Using the Schematic Window - 2021.2 English

Vivado Design Suite User Guide: Design Analysis and Closure Techniques (UG906)

Document ID
Release Date
2021.2 English

The schematic is a graphical representation of the netlist. View the schematic to:

  • View a graphical representation for the netlist.
  • Review the gates, hierarchies, and connectivity.
  • Trace and expand cones of logic.
  • Analyze the design.
  • Better understand what is happening inside the design.

At the RTL level in Elaborated Design, you see how the tool has interpreted your code. In Synthesize Design and Implemented Design, you see the gates generated by the synthesis tool. To open the schematic, select Tools > Schematic. If nothing is selected, the gates, hierarchy, and connectivity appear at the top level of the design, as shown in the following figure.

Figure 1. Top Level Schematic

Tip: The schematic is simpler if you use a single level of hierarchy only. The schematic populates with the selected element emphasized (blue). The ports for the single hierarchy display.
Figure 2. Schematic with Single Hierarchy Selected

You can trace the schematic in multiple ways:

  • Click the + (plus) icon in the upper left to display the gates in the hierarchy.
  • Double-click a port or element to expand it.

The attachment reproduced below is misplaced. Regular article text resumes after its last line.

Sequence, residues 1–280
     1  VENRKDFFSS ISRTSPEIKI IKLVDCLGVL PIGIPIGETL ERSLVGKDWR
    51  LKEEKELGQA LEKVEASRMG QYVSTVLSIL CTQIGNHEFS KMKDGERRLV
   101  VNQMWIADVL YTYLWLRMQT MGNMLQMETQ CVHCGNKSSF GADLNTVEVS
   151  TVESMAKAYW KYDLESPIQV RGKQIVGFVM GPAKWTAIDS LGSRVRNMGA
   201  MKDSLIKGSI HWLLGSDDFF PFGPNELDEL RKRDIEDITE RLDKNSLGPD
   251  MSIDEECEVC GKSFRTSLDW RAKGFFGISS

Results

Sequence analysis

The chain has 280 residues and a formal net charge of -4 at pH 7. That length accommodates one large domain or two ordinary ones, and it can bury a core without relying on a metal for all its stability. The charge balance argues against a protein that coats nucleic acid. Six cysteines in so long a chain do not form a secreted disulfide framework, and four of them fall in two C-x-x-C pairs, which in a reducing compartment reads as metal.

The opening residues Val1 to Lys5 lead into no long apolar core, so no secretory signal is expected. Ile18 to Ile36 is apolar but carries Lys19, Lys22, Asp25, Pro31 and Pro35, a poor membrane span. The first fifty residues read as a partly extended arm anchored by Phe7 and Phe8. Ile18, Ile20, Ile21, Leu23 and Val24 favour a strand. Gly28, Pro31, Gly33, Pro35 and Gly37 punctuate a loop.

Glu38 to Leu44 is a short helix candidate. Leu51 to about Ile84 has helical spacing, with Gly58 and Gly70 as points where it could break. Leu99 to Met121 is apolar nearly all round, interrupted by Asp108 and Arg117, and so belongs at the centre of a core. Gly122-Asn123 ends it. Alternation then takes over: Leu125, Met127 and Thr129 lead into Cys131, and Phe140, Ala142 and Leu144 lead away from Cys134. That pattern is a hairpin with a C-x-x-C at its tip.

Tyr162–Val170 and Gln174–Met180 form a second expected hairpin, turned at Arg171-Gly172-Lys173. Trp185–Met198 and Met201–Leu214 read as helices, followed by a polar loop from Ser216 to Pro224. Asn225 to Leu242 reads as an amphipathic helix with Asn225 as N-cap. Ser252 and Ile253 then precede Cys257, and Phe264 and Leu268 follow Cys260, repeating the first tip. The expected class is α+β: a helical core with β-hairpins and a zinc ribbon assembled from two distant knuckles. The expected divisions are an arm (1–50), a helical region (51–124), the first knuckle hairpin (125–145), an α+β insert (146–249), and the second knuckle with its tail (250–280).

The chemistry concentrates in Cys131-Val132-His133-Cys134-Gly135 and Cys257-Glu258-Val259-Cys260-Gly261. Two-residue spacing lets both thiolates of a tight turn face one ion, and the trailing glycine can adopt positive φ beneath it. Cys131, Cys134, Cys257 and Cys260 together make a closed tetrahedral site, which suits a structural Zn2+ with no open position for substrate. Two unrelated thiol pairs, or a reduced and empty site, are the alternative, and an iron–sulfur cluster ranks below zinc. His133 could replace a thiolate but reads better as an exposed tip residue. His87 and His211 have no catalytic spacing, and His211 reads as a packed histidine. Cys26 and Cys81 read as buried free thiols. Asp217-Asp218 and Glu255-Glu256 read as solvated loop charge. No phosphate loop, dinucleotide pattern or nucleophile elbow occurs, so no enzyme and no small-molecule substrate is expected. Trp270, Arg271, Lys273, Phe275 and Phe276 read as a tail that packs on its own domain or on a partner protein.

• Right-click and select Schematic from the popup menu.
  • Click the <- -> navigation arrows to switch between the previous and next schematic views.

For more information about schematics, see this link in the Vivado Design Suite User Guide: Using the Vivado IDE (UG893).

After implementation, the schematic is the easiest way to visualize the gates in a timing path. Select the path, then open the schematic with the gates and nets from that path.

Figure 3. Schematic with Timing Path

To identify the relevant levels of hierarchy of a selected cell in the schematic, choose Select Leaf Cell Parents from the popup menu.

Figure 4. Timing Path with Select Primitive Parents

As you review the schematic, select the Highlight and Mark commands to track leaf cells of interest. Color coding cells (using either a mark or a highlight) makes it easier to track which logic was in the original path, and which logic was added.

Figure 5. Schematic with Timing Path Marked